Ear Problems - Otitis Media
Determination of whether otitis media is present can be made visually – by careful examination of the ear drum, similar to when a physician examines a human’s ear. Use of a standard otoscope, similar to what is used by a physician for routine ear examination in humans, is a good screening tool. Use of video-endoscopic equipment such as what is used by Dr. Byrne, provides better visualization than with a standard otoscope. It is not unusual for discharge to be adhered to the surface of the ear drum and the video otoscope provides superior visualization, allowing material to be scraped away more safely.
Advanced imaging modalities such as computed tomography (CT) scan or magnetic resonance imaging (MRI) can be utilized to look for abnormalities such as fluid within the middle ear if direct examination is not feasible. These imaging techniques also require general anesthesia.
If otitis media is severe, sometimes surgical drainage of the middle ear via an incision in the skin, of the neck below the ear, is necessary. This is a delicate procedure and requires experience to safely, many important nerves and blood vessels are near the middle ear.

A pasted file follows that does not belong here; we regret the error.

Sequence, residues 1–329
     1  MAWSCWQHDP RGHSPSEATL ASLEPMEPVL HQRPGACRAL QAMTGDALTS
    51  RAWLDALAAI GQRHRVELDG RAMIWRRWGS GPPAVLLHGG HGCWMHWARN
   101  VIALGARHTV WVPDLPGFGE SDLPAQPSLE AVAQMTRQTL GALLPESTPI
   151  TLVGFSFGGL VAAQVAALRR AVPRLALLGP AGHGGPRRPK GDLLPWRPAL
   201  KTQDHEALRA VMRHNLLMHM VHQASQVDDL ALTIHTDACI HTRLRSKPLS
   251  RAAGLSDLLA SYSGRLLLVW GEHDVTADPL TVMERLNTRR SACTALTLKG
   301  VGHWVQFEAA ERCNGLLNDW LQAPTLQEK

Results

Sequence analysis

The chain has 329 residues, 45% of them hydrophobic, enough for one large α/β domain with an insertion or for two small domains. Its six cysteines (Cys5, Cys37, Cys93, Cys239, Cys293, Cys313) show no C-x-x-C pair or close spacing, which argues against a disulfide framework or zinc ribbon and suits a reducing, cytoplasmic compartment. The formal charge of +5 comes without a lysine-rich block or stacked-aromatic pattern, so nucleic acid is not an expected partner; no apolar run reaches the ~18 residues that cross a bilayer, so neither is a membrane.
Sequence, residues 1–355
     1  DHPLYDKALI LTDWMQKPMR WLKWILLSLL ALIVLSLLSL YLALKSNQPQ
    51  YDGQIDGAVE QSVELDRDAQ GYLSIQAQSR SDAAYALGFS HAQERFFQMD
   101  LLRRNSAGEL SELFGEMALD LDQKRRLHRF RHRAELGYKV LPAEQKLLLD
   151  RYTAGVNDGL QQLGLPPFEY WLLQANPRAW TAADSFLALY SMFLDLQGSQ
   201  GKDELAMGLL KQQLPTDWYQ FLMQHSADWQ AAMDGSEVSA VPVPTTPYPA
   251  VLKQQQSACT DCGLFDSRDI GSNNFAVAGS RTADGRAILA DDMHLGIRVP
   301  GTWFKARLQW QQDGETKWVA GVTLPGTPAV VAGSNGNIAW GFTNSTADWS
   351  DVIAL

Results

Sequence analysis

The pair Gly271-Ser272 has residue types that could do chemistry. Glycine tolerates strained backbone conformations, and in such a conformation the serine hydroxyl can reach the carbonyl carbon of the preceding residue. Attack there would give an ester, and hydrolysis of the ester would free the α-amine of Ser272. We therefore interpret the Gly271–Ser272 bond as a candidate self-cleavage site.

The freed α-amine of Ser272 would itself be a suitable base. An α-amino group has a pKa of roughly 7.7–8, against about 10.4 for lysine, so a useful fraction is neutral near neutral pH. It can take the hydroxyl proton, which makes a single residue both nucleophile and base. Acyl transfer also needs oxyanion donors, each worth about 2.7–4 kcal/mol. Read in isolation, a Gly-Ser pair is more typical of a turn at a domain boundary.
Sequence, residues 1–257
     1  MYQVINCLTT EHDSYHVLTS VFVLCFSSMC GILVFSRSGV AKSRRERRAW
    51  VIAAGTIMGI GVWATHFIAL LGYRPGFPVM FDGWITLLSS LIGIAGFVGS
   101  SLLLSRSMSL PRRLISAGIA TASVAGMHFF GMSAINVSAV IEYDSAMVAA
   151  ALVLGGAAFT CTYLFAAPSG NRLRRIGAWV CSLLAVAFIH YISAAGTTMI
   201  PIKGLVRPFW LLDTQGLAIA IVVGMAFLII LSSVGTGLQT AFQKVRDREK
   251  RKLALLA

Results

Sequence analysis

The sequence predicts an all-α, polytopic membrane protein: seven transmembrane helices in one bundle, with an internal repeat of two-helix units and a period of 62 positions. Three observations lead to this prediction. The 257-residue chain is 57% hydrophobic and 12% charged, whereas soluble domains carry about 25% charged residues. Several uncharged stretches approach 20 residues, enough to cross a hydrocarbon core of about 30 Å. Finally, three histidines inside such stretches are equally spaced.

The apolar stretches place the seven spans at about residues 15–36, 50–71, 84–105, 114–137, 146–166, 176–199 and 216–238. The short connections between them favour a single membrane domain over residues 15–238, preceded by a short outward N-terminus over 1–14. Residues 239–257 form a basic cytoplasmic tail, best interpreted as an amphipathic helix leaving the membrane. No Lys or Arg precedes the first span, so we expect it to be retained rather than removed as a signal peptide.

Otitis media, as opposed to otitis externa or otitis interna, involves inflammation of the middle ear structures. It is usually due to extension of infection from the external ear canal or to penetration of the tympanic membrane by a foreign object. Extension of infection through the auditory tube also occurs in cats, explaining why the most common cause of otitis media is chronic respiratory infection or chronic sinusitis. Hematogenous spread of infection to these areas is possible but rare. Otitis media can lead to otitis interna and inflammation of the inner ear structures and can result in loss of balance and deafness.
The signs of otitis media and otitis externa may be similar. Head shaking, rubbing the affected ear on the floor, and rotating the head toward the affected side are usually present. The ear is usually painful, with a discharge and inflammatory changes in the ear canal.
Because of the possibility of hearing loss and damage to the vestibular apparatus, long-term (3-6 wk) systemic antibacterial therapy should be instituted as soon as the diagnosis of otitis media is made. Otitis media with an intact tympanum usually responds well to systemic antibiotic therapy; however, if chronic otitis externa exists and the tympanum is ruptured, the chances of successful treatment are reduced. If facial and sympathetic nerve deficits develop, they may persist even after the infection has been cleared.